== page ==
Cereals Thumbnail Test

Never harvest earlier than recommended; usually seven days after application. Check the product label for the recommended PHI.

Watch a video of an in-field assessment:


Pulses

Warning Glyphosate appears on the 2020 Pulse MRL Advisory for all pulse crops. Consult with your grain buyer before using, as some grain buyers may not accept pulse crops treated with pre-harvest glyphosate due to scrutiny in the global marketplace and low MRLs for some pulse crops in certain major markets.

Glyphosate can be applied once seed moisture is less than 30% in the least mature areas of the field to avoid unacceptable residue in the harvested grain.


Here’s what 30% looks like:

  • Chickpeas

    Plants are yellowed with mature pods. Seeds have changed colour and detached themselves from their pods; pods rattle when shaken.

    Plants are yellowed with mature pods. Seeds have changed colour and detached themselves from their pods; pods rattle when shaken.
  • Dry Beans

    80-90% of the leaves have dropped and pod colour change (to mature colour) is 80%; upper pods are yellow and seed rattle in the lowest pods. Seeds have lost their green colour when split.

    At 30%, 80-90% of leaves are lost and 80% of pods are yellow. Seed is white inside.
  • Faba Beans

    Leaves are drying down and stems are green to brown in colour; lower pods are dark brown/black.

    At 30%, leaves are drying down and stems are green to brown in colour; lower pods are dark brown/black.
  • Lentils

    80% of the plant is yellow to brown. Seeds from the top third of the plant are fully-formed and firm; seeds from the bottom third are hard and tan-brown; pods rattle when shaken.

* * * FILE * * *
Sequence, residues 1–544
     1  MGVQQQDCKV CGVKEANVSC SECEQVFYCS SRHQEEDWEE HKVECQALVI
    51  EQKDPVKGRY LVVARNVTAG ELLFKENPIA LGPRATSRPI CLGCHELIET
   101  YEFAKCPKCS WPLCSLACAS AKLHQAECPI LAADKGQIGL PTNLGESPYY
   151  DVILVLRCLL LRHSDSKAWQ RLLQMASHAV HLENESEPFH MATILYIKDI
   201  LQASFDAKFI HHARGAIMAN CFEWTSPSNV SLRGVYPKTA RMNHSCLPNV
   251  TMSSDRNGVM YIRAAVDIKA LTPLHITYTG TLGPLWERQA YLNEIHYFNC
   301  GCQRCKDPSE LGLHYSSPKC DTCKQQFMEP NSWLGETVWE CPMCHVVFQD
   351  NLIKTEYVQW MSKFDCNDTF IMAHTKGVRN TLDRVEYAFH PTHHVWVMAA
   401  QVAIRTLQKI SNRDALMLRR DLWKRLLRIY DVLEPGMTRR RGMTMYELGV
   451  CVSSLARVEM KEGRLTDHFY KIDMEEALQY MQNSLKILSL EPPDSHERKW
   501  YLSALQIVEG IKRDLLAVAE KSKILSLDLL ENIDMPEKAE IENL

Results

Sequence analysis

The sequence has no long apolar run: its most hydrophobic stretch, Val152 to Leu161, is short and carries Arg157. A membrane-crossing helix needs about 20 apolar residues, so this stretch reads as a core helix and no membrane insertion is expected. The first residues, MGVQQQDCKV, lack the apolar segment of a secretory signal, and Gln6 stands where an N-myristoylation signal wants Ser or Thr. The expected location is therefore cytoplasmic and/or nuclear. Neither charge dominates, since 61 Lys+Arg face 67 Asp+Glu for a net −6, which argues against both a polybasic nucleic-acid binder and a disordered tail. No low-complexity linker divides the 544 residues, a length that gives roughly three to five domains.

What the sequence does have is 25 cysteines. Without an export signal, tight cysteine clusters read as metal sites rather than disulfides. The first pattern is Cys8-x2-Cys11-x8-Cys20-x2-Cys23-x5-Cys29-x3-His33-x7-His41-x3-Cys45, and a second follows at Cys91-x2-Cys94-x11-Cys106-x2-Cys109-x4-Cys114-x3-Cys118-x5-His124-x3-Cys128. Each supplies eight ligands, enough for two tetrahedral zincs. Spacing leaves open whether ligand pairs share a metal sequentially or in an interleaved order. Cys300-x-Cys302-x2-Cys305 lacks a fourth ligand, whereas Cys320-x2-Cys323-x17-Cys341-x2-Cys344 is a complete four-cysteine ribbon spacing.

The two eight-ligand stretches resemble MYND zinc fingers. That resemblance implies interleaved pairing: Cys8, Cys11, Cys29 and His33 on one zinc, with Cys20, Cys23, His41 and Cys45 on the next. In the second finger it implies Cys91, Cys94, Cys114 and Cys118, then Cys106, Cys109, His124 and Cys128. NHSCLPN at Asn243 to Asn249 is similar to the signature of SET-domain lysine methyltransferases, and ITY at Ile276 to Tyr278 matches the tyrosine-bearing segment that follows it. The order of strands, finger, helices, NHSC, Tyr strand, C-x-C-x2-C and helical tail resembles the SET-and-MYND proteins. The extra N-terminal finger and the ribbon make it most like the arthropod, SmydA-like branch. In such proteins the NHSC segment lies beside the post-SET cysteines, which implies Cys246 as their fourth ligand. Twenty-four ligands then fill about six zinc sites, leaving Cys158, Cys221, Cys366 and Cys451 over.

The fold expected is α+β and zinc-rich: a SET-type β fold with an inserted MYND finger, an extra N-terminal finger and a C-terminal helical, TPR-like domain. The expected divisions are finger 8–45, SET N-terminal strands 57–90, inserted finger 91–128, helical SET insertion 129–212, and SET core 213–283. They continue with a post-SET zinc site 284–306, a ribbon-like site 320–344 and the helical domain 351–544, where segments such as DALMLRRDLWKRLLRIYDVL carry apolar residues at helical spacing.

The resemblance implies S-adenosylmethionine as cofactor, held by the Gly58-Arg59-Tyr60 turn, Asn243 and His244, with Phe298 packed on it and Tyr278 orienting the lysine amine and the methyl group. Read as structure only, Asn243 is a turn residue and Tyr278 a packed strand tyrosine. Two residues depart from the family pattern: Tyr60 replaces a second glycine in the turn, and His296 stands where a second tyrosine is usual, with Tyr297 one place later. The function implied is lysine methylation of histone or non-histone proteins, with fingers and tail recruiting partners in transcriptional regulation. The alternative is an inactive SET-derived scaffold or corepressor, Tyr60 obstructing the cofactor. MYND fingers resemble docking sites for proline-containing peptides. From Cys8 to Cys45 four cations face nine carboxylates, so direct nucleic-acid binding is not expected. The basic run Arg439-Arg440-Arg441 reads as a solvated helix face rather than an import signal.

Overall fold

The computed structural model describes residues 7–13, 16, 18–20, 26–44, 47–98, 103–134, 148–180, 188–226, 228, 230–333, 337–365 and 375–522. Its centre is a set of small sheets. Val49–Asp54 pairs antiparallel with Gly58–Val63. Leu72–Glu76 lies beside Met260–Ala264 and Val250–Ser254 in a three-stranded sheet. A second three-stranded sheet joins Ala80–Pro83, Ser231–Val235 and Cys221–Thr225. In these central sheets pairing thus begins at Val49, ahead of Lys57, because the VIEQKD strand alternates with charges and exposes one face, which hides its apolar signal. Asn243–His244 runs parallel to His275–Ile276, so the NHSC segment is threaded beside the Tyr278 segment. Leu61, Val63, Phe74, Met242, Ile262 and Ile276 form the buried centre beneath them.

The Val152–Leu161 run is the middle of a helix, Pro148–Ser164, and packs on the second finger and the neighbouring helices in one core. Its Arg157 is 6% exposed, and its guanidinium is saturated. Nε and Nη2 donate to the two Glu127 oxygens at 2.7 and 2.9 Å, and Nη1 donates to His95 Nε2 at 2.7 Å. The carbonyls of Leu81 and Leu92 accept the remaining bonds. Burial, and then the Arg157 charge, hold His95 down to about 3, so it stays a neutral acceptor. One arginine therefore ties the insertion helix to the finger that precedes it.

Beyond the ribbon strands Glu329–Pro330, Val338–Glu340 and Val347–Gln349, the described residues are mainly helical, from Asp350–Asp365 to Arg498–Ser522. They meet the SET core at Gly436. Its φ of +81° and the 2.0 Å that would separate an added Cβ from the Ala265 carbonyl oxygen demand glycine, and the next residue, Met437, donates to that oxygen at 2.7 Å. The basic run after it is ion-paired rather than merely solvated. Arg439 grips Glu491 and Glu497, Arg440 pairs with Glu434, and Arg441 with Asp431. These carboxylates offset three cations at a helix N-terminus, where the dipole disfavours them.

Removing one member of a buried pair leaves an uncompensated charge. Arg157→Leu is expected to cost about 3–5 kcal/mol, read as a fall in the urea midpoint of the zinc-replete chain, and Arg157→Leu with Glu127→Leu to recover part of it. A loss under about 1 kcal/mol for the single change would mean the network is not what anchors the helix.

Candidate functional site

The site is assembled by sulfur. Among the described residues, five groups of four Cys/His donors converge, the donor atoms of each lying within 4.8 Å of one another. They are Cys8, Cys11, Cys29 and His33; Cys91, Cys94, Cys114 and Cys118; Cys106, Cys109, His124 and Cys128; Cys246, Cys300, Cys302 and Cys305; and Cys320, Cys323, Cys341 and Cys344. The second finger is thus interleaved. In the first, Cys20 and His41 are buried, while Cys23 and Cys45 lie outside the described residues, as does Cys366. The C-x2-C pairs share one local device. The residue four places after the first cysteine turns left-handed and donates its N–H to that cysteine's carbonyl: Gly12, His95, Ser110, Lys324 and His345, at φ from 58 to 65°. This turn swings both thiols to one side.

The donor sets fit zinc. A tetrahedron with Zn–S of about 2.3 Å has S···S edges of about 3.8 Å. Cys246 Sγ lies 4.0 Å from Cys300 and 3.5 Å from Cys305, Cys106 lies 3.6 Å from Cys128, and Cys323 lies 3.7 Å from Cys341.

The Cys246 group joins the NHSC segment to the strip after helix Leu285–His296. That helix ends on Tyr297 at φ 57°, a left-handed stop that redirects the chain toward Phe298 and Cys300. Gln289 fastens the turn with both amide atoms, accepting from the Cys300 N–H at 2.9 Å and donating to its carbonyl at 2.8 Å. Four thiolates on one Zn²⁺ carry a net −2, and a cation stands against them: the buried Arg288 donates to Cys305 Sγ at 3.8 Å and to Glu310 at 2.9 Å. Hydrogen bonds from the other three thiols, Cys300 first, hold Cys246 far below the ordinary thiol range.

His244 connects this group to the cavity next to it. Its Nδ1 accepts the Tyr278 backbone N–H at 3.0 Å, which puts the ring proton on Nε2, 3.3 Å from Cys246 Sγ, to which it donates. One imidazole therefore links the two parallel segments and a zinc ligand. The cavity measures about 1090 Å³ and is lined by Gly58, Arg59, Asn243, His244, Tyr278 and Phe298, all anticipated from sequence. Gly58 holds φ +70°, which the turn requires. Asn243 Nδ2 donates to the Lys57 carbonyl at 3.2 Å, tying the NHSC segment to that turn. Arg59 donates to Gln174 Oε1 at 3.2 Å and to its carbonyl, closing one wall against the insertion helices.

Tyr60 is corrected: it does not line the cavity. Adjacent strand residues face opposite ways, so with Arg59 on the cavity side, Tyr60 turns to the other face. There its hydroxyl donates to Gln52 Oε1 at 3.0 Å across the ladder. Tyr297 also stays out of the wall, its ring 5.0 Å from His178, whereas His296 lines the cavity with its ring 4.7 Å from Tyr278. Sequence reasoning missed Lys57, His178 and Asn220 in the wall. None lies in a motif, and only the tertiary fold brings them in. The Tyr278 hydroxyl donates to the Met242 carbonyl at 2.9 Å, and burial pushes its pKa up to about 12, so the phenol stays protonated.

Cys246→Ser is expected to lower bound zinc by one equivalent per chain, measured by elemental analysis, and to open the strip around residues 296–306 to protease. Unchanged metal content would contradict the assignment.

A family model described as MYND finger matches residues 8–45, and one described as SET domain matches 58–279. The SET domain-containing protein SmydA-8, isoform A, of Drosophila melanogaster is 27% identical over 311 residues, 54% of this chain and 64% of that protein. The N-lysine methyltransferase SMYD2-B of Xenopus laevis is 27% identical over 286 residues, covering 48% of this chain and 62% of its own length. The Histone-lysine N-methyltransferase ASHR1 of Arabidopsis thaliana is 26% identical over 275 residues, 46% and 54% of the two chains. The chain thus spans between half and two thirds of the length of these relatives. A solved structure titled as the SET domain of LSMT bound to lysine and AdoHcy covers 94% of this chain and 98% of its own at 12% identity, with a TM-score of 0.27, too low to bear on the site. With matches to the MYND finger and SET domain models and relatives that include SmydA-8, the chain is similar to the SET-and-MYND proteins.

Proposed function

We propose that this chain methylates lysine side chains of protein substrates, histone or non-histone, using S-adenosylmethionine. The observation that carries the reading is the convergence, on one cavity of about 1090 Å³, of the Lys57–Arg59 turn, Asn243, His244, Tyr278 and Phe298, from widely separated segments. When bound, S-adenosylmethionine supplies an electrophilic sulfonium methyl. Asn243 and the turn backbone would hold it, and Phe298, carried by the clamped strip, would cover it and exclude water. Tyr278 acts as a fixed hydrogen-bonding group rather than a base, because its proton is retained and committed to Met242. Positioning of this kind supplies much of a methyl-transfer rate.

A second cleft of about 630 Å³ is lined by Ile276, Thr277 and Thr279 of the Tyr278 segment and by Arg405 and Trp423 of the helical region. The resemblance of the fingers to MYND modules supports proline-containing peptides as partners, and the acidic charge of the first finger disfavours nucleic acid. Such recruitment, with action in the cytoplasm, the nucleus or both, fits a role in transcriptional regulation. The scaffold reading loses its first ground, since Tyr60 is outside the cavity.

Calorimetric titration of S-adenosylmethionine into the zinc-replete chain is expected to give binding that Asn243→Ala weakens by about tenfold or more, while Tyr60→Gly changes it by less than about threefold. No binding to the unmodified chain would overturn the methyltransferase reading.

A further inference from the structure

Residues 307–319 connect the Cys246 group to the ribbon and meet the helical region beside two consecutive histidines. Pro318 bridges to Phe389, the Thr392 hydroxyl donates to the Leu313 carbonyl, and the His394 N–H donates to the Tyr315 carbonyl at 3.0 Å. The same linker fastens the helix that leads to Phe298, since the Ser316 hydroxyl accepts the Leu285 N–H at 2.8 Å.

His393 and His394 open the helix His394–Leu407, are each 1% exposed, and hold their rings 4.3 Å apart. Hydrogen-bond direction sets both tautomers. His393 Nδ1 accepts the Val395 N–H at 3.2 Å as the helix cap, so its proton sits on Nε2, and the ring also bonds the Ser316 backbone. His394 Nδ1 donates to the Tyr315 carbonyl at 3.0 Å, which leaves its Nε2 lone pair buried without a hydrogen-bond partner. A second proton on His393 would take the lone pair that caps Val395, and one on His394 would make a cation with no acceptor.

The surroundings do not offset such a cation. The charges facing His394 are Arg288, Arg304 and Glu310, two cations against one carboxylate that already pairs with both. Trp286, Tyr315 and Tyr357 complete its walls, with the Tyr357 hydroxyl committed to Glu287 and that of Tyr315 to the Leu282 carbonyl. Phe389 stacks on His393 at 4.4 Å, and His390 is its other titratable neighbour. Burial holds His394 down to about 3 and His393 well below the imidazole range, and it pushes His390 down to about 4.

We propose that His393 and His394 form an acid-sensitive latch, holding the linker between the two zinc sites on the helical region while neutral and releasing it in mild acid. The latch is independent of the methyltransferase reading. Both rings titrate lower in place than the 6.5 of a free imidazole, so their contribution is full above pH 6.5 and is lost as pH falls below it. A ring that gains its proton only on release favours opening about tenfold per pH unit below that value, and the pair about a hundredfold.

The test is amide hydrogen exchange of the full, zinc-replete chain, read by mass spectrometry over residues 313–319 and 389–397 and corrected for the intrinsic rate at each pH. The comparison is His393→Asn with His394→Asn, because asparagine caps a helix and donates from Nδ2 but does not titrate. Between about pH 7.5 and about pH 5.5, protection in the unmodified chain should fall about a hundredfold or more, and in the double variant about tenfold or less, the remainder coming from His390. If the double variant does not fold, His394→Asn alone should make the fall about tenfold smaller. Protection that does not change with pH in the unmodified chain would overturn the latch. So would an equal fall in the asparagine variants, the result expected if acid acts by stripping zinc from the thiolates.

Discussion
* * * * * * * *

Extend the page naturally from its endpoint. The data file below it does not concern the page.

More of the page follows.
80% of the plant is yellow to brown. Seeds from the top third of the plant are fully-formed and firm; seeds from the bottom third are hard and tan-brown; pods rattle when shaken.
  • Peas

    Most pods (80%) are yellow/golden brown; seeds in bottom pods are detached and rattle in pod.

    Never harvest earlier than recommended. The PHI for glyphosate on all pulse crops is seven days and harvesting earlier than the PHI may increase the risk of excess residues in the harvested grain. Check the product label for further information and guidelines for the proper application rate and use of pre- harvest glyphosate for weed control.

    Most pods (80%) are yellow/golden brown; seeds in bottom pods are detached and rattle in pod.

Watch a video of an in-field assessment:


Help Keep Glyphosate in the Grower’s Toolkit

Glyphosate is an effective and valuable tool, but it is under scrutiny in the global marketplace. By using glyphosate correctly and adhering to the Keep it Clean pre-harvest glyphosate guidelines, you can help to ensure the quality and marketability of Canadian canola, cereal and pulse crops, and keep this product available for years to come.

Correct product use is just one of the ways you can avoid market risk and protect your investment. Always read and follow the label for every crop protection product you apply.